Saturday, December 26, 2015

French CROC Ads

Possible homage to Magritte's "Treachery of Images".
(Go ahead, look it up)
In addition to going through old newspapers, I've also been looking through online archives of CROC Magazine.  As mentioned before, CROC was the Quebec equivalent of National Lampoon or MAD, and used to run Red Ketchup.  (Still holding out hope for an official English release or scanlation)
The December subscription page staring panels of Santa along the border, grouped together.
It seems somewhat contradictory of me to be posting more advertisements on Boxing Day, where stores are intent on removing their stock and I'm fixated on dredging up ancient history, making relevance of no-longer available products somewhat redundant.
Product Placement at its most basic.
In an age where pop-up ads are considered vastly annoying, and most customer's preference is waiting for the trade or DVD, nostalgia for time-wasting advertisements can be seen as somewhat baffling.  The majority of ads whose only purpose is to induce an earworm imprint in your mind are the most loathed, and therefore, most in desire to forget.  But the rare few clever ads that aspire for something more that stretch the boundaries of a typical 30-second sales pitch are the ones that remain in our minds long after they've been discontinued.

One of these was an ad for Wallobee Jack, an obscure point-and-click computer game series.  Despite the Tiny Tunes influential design, the actual animated gameplay dialogue is startlingly limited to the lips.  While it's the same principle used for Japanese Novel games, it somehow winds up being more distracting.  See for yourself...

If there's a fault, its that the puzzles are rather easy, and are cut between lengthy cut scenes that look unskippable.  I've never been able to understand how people can play dialogue-heavy games with no available text, especially if you're dealing with sensitive material relating to clues, and need to refresh your memory without having to replay the scene again to understand what was said; which is why I prefer games that at least have their text on the screen.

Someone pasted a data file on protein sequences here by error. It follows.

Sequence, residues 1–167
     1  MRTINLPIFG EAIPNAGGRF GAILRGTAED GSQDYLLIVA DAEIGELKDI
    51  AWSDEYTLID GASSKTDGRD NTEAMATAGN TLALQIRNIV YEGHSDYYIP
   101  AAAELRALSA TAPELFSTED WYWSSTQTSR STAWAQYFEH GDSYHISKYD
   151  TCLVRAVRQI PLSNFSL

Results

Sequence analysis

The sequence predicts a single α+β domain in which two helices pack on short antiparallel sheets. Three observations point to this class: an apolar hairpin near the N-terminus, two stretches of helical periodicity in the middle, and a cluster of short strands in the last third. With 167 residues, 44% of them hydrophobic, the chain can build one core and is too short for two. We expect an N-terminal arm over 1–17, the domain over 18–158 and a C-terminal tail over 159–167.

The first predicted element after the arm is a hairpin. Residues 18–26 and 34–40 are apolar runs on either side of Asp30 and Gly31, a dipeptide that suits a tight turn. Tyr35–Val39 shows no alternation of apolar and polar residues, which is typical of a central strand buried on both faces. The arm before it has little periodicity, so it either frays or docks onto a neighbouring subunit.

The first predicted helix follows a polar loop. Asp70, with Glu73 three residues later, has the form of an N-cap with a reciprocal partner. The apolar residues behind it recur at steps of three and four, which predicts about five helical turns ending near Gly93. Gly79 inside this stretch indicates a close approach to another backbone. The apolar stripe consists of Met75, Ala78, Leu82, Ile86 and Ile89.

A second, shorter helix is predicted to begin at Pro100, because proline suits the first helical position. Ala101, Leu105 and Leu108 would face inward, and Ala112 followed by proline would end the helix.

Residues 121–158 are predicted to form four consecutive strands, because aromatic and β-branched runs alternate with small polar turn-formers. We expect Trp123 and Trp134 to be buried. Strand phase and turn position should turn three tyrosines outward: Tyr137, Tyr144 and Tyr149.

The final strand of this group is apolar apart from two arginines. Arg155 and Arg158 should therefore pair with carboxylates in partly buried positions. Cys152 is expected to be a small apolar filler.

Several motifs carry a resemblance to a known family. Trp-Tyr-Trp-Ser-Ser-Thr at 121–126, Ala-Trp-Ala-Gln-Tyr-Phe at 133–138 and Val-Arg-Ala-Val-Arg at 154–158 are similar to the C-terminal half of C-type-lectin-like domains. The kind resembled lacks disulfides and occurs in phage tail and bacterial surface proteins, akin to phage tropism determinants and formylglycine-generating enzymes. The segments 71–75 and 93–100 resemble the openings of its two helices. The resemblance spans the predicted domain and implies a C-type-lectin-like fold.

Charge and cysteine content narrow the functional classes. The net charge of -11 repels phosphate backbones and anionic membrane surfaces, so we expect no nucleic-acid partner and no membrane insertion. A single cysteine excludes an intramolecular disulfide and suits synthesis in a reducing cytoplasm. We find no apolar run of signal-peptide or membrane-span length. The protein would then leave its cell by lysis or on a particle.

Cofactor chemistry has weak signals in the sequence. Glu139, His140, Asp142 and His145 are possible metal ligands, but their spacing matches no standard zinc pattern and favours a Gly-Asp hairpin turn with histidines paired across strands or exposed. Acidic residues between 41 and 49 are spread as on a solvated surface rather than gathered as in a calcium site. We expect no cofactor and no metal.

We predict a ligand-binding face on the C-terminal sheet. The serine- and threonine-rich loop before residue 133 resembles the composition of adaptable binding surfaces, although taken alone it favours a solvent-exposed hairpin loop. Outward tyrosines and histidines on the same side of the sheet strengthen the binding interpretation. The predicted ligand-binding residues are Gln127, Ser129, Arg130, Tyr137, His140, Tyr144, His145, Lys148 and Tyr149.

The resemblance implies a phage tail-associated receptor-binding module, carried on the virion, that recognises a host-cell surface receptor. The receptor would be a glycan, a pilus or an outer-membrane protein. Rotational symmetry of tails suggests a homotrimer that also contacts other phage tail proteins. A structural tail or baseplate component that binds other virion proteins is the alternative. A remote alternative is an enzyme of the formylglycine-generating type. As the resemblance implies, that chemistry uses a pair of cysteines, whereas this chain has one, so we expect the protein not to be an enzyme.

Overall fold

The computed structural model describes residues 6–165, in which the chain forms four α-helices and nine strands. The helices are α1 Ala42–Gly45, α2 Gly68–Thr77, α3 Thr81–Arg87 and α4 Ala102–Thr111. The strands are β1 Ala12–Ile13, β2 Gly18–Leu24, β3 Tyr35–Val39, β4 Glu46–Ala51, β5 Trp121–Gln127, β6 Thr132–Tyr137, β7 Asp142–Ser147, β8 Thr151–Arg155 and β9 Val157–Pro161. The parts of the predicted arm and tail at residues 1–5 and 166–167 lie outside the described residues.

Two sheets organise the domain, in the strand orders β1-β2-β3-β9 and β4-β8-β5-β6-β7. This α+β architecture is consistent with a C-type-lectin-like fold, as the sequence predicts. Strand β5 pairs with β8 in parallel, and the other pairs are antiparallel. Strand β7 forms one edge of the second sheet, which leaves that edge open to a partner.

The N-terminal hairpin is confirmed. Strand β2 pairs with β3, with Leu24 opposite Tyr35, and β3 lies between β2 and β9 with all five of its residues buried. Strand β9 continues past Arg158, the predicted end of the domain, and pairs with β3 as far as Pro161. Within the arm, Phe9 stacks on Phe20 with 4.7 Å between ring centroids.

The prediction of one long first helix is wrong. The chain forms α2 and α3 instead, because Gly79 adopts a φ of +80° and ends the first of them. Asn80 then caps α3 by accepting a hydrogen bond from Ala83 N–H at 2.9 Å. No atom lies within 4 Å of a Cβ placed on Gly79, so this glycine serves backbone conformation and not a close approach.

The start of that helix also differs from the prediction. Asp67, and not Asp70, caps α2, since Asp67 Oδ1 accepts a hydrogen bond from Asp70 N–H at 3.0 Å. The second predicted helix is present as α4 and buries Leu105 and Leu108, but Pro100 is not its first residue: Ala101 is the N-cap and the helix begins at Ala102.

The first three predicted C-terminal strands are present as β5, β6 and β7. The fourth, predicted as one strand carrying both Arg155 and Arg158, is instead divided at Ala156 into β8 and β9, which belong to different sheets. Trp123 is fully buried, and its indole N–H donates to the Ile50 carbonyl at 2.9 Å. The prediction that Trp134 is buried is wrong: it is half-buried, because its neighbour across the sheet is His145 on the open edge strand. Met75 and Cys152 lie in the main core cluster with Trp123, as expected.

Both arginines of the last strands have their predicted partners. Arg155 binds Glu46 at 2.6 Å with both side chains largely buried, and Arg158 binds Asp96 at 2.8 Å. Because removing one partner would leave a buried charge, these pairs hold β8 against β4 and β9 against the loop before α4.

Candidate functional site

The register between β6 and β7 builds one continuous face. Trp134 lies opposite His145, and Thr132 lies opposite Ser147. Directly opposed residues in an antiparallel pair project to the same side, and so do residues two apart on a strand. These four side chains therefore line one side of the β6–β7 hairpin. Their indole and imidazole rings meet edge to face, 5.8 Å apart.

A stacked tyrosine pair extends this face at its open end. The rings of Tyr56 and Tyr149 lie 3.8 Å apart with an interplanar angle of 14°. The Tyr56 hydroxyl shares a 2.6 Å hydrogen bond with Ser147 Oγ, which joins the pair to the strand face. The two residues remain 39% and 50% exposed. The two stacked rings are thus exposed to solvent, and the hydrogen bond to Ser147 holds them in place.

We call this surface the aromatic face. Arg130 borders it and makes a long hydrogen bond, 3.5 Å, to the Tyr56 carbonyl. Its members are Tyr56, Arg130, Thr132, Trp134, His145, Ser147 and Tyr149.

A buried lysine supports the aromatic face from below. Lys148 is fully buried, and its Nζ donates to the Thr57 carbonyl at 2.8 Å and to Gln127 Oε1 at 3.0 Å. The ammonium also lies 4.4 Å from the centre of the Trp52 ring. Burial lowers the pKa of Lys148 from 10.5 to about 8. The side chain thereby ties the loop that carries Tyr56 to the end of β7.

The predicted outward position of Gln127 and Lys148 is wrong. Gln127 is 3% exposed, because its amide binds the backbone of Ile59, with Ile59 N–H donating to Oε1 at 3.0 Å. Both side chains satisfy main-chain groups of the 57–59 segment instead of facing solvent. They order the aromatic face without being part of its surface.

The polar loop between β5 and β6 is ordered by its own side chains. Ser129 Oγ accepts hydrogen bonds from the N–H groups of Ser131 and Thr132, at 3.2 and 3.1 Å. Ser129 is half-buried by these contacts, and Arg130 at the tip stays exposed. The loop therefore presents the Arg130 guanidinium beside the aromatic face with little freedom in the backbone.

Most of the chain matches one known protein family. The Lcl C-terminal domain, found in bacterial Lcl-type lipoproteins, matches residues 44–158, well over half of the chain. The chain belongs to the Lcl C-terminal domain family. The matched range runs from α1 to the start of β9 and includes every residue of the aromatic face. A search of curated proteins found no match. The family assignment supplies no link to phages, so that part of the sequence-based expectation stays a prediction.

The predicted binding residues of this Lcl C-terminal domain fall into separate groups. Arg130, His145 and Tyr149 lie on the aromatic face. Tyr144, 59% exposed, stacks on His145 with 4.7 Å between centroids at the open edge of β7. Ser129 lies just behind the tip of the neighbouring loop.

There's been comparative food studies that show that candy and meat advertisers outpace advertisements for health food by hundreds of times.  This may be the only instance of an anthropomorphic broccoli stick in an ad, and it's miserable at not being as fun as a Jos Louis cake bar.

Every year in Montreal, there's a Just for Laughs comedy festival where comedians gather to display their stand-up skits and sketches.  And every year, I wind up disappointed with their mostly unfunny results.  Their only saving grace is Victor, the "Laughing Devil" mascot, who like the animated Pink Panther, is much more appealing than the source material.

Victor was created by the late Vittorio Fiorucci, an ad designer whose works were featured on multiple posters and several Time magazine covers.  The self-caricatured mascot will probably remain his most memorable legacy, outstripping his other projects, which seems somewhat fitting.  His obituary had all kinds of interesting anecdotes, starting off with coming to this country in anticipation of selling stories.  His only obstacle - he couldn't speak (let alone write) English or French, so he resorted to drawing, and by chance, wound up doing advertising work.  That suited him just fine, since "Posters, are after all, short novels of art.", so in a strange roundabout way, he wound up telling stories after all.

Victor is so ubiquitous as an icon that he was even part of an anti-drug platform that even found its way on public transportation posters.

It would take me years to figure out that the pink creature with a straw wasn't sucking things up its mouth, but up its nose.  The crow thingie is probably Crack or Speed, and I've just figured out that the yellow slimy thing is likely alcoholic beer.

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